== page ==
In any employment relationship there is an unequal bargaining power between an
employee and an employer. The employer is the sole bearer of power as s/he has
financial power over an employee. The only means by which employees can counteract
this power is if they act collectively. By acting collectively the employees are placed in a
bargaining position with the employer and this also gives them an opportunity to enforce
their employment rights. The International Labour Organisation (hereafter referred to as
ILO ) Conventions 87 and 98 of 1948 also provides that employers and employees
have the right to organize and to bargain collectively.
South Africa, because it is a member of the ILO, ratified the said Conventions and more
specifically granted every worker with a constitutionally entrenched right to strike. This is
set out in section 23 of the Constitution of South Africa No 108 of 1996 (hereafter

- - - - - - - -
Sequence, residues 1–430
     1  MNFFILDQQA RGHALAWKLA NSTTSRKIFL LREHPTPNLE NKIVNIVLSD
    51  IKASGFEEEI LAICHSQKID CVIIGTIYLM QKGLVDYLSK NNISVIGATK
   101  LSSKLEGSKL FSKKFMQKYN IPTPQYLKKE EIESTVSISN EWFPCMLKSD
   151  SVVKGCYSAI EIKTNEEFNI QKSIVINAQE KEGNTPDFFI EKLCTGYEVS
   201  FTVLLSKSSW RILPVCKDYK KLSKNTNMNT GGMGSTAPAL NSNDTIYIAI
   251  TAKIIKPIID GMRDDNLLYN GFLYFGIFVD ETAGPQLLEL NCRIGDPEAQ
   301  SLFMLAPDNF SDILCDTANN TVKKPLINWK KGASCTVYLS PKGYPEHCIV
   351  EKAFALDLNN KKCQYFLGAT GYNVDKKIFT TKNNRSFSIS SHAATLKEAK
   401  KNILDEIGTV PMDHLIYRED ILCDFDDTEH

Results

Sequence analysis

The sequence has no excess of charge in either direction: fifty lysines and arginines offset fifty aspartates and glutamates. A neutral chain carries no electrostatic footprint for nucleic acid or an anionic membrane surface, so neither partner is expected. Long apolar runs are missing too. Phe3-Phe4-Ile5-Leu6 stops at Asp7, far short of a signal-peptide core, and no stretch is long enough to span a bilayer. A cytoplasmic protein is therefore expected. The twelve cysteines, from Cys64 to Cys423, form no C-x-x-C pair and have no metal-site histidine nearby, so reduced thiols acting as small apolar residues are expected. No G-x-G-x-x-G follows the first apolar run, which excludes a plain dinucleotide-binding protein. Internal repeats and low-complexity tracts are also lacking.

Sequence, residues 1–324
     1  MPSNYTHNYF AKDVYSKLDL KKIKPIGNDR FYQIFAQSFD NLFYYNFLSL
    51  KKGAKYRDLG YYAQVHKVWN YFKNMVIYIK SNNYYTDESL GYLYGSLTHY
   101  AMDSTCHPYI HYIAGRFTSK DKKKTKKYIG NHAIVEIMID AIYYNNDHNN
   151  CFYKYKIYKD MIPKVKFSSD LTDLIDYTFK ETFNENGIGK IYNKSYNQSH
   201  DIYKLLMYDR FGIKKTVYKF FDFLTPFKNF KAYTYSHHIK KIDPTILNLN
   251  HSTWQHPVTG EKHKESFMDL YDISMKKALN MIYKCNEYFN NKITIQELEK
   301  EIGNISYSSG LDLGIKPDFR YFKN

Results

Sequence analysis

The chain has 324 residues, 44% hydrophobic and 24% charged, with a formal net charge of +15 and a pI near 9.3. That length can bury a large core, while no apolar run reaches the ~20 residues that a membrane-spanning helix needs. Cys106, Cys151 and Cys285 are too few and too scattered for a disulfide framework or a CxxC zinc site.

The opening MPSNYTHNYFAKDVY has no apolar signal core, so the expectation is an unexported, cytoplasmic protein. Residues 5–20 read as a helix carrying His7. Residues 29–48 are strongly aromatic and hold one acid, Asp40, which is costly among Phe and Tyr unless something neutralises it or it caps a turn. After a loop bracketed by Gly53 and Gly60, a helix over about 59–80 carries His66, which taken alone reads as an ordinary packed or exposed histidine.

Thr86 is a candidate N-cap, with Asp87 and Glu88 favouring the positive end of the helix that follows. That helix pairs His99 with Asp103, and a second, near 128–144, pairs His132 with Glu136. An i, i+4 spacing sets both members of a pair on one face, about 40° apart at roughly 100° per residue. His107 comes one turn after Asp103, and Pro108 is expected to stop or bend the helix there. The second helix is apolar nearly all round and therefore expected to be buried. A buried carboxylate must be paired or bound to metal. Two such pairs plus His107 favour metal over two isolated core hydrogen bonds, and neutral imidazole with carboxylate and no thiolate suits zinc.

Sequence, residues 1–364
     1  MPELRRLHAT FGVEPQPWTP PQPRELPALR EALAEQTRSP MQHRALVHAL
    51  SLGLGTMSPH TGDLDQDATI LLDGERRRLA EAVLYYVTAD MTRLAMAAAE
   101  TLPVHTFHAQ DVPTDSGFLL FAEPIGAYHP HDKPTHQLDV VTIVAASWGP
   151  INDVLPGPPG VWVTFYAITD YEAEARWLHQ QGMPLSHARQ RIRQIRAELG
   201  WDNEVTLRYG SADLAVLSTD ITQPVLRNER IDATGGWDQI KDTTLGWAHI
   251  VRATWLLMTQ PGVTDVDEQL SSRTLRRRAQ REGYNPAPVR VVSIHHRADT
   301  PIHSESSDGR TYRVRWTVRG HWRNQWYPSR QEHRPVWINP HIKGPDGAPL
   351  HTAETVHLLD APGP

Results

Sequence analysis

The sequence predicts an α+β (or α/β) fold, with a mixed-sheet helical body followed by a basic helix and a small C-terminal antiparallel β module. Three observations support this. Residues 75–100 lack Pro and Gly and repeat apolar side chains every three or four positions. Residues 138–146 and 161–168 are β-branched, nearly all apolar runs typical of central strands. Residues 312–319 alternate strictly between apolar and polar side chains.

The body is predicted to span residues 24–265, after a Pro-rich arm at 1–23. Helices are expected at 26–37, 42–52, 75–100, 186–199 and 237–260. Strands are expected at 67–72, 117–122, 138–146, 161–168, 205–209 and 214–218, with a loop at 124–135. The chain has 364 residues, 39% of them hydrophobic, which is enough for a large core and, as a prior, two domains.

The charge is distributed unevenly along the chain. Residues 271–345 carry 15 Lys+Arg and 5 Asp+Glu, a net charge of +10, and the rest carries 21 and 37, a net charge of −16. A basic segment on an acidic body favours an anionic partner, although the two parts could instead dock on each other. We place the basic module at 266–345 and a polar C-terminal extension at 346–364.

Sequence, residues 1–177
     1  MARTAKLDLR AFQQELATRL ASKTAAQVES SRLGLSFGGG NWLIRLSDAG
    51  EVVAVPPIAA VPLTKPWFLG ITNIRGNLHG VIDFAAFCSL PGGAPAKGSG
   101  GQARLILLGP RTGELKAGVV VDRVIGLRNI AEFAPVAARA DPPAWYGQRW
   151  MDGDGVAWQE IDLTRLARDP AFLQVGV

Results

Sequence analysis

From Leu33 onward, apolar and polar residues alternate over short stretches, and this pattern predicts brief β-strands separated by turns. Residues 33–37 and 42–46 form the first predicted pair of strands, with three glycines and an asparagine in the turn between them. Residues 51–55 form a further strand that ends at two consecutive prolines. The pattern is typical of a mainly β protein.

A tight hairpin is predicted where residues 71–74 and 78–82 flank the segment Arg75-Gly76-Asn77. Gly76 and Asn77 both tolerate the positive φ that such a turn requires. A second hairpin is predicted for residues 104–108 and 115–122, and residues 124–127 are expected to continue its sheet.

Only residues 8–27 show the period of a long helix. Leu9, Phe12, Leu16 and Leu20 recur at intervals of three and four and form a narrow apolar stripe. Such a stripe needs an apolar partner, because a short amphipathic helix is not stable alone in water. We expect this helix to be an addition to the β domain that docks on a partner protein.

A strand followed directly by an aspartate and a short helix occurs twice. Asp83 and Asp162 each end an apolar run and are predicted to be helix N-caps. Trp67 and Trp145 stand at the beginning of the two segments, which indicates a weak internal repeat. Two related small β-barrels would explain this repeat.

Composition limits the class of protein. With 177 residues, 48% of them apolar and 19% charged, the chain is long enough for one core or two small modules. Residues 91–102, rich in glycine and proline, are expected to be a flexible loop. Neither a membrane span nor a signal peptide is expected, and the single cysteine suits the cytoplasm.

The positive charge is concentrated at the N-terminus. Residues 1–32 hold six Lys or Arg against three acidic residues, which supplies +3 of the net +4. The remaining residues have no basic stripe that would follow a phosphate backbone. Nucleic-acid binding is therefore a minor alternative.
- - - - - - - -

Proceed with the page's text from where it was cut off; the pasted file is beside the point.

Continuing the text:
referred to as the Constitution1996).
The Labour Relations Act (hereafter referred to as the LRA ) also gives effect to this
right by providing a legislative framework within which this right to strike could be
exercised. This protection can only be provided if the strike complies with the
substantive and procedural requirements of Chapter IV of the LRA. This includes
protection against dismissal, interdicts and civil liability for losses caused by a strike.
This dissertation seeks to determine what this right to strike entails and whether the
current remedies are effective to curb unprotected strikes.
Mini Dissertation (LLM)--University of Pretoria, 2016.